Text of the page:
Endeavoring to restore the Roman state to solvency, Vespasian imposed taxes on many commodities, among them the use of the city's public urinals. When Vespasian's son Titus objected that such a tax was undignified, Vespasian procured a handful of coins thus taken and held them up to his son's nose. "Non olet," he declared (they do not smell).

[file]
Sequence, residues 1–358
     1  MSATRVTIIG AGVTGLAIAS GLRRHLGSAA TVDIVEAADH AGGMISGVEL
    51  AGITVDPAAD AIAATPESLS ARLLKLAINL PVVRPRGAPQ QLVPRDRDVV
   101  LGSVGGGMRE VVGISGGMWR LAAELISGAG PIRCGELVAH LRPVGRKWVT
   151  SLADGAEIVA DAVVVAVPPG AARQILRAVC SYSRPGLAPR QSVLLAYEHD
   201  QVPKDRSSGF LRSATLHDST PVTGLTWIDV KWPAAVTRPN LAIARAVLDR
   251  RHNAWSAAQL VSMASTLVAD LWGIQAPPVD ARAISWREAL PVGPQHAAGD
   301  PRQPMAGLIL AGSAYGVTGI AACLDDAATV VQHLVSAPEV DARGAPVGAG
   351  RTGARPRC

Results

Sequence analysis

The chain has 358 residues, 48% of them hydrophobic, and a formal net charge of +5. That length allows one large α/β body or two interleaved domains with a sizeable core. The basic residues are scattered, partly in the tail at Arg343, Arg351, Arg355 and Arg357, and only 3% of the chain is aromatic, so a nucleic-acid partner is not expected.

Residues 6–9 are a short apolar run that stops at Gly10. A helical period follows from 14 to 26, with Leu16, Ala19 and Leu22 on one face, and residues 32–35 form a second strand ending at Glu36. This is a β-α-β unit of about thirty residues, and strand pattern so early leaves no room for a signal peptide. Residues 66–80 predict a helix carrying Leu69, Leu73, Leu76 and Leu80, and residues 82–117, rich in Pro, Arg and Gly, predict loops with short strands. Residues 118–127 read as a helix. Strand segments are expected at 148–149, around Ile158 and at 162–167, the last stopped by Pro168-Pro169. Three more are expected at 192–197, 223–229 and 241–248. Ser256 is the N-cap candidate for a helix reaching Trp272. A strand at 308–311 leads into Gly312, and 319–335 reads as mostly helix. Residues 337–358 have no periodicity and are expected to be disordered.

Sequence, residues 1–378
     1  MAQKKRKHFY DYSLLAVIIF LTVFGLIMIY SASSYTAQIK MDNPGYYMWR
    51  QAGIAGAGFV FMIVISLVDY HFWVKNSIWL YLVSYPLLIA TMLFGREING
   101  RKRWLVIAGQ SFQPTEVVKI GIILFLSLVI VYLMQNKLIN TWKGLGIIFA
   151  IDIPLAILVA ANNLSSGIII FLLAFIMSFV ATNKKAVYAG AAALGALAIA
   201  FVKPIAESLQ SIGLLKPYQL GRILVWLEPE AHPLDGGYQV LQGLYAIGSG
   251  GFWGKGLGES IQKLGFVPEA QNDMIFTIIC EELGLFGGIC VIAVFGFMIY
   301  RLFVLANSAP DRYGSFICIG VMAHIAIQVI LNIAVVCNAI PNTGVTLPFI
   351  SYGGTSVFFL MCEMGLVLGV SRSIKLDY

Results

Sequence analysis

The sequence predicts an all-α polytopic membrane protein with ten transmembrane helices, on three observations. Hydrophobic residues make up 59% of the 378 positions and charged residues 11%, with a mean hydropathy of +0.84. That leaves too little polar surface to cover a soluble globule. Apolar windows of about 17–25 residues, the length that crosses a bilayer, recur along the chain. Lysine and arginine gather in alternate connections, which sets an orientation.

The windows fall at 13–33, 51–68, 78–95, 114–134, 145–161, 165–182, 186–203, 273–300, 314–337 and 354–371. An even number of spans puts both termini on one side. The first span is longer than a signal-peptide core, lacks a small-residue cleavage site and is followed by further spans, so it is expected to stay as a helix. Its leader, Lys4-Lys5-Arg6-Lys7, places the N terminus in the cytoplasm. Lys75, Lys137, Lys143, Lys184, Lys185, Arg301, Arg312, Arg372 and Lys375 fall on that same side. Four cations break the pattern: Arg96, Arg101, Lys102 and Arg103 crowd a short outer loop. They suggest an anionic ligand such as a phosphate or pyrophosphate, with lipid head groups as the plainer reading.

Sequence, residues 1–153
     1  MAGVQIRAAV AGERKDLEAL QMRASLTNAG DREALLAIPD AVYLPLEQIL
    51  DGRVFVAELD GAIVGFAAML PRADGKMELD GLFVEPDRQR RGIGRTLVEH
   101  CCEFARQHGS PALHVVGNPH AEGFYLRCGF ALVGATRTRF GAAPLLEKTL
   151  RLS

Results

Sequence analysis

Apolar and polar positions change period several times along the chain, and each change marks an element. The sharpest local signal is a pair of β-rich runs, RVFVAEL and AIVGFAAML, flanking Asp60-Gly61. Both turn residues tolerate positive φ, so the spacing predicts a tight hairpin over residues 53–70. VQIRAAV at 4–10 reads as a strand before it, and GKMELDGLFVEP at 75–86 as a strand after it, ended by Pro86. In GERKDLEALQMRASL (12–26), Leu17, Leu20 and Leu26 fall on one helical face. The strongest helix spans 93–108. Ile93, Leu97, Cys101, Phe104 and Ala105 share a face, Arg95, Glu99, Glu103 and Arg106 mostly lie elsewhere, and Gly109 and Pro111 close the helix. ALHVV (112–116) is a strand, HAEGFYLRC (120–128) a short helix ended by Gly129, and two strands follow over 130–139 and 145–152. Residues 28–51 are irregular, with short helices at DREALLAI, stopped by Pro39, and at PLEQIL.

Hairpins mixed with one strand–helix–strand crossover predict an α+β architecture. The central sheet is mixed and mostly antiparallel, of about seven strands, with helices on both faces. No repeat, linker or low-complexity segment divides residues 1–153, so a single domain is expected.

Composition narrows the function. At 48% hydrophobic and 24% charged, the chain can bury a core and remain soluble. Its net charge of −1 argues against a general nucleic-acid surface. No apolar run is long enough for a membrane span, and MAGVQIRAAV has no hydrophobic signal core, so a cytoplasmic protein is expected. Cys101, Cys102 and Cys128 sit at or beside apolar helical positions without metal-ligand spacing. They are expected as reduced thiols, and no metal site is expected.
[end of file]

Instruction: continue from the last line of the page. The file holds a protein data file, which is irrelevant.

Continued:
[In France public urinals are often referred to as vespasiennes.]

[San Francisco's St. Francis Hotel once employed a full-time coin washer to ensure that its guests received only freshly washed coins.]

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